Search for your sports books:

MoneyMap

Read Review
<back to archive

Shot and a Ghost By James Willstrop

Release date: 09th October, 2012
Publisher: Rod Gilmour

List Price: 9.99
Our Price: 8.99
You Save: 1 (10%)
Buy Now

It's no surprise that virtually all sporting autobiographies are ghost-written. Why wouldn't they be? Sportsmen and women are usually busy enough without having to discipline themselves to researching, planning and then writing perhaps more than 100,000 words of readable prose.

James Willstrop is different. He's a name many readers may not have heard of in a sporting (or any other) context, yet for all but four weeks last year, he was officially the world's number one squash player, a status he reluctantly relinquished in early January.

You get a sense of the type of determined guy Willstrop is when you read his book's introduction.

"If [the book] were to be written in my name," he declares, "then I wanted to write it myself. Today's bookshelves are rife with prematurely written autobiographies about the rich and famous. As I am neither, my motives for writing a book are rather different."

It's an opening which, though it may strike some people as being a little haughty, tends also to create an immediate bond between author and reader.

In fact, Willstrop strengthens that bond and removes any elevated sense of himself altogether when he writes, "I was quite sure that people wouldn't want to read about my formative years frolicking around naked in a paddling pool. Instead, I resolved to limit the content to the topics I felt would really interest people. What it feels like to play in a World Open final, the pain of a hard training session or a response to the loss of a special person."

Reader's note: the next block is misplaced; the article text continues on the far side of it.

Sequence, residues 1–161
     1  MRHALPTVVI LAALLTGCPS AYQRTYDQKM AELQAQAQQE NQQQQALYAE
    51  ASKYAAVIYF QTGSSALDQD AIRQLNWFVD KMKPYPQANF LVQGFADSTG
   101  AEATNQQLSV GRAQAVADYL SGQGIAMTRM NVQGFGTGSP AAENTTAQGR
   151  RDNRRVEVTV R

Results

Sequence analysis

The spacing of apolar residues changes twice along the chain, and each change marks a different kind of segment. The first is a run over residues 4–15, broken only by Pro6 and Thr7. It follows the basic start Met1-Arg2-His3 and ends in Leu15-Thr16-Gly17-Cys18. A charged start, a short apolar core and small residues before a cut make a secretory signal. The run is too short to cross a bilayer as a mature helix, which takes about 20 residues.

Although the author suggests he prefers to limit the book's content, the fact is that because squash is his life, Shot and a Ghost proves to be one of the most brutally honest sporting autobiographies ever written.

Amateur squash is a fierce, vicious game, yet once players graduate to the professional ranks, it becomes even more ruthless, its finest exponents studies in single-mindedness.

But before he captured the world number one slot, Willstrop was, ironically, considered to be too nice. How could a poetry-loving vegetarian who loved musicals hope to succeed amongst the rarefied air of pro squash? This fascinating account reveals how he did it. Brilliant.


<back to archive


MoneyMapp


SBOTM Current Top 10

Get It On: How the ?70s Rocked Football By Jon Spurling
Biteback
Read Review Buy Now
Time on Rock By Anna Fleming
Canongate
Read Review Buy Now
41-Love: A Memoir By Scarlett Thomas
Counterpoint
Read Review Buy Now
Anatomy of a Football Scout by Jon Cotterill
Camara Brasileira
Read Review Buy Now
Sweat: A History of Physical Exercise By Bill Hayes
Bloomsbury Sport
Read Review Buy Now
52 Ways to Walk By Annabel Streets
Bloomsbury Sport
Read Review Buy Now
Fit And Proper People By Martin Calladine & James Cave
Pitch Publishing
Read Review Buy Now
God is Dead The Rise & Fall of Frank Vandenbrouke By Andy McGrath
Bantam Books
Read Review Buy Now
Butler to the World How Britain Became the Servant of Oligarchs, Tax Dodgers, Kleptocrats and Criminals By Oliver Bullough
Profile Books
Read Review Buy Now
A Delicate Game Brain Injury, Sport and Sacrifice By Hana Walker-Brown
Hodder
Read Review Buy Now

© 2004-2022 Sharks Media Limited.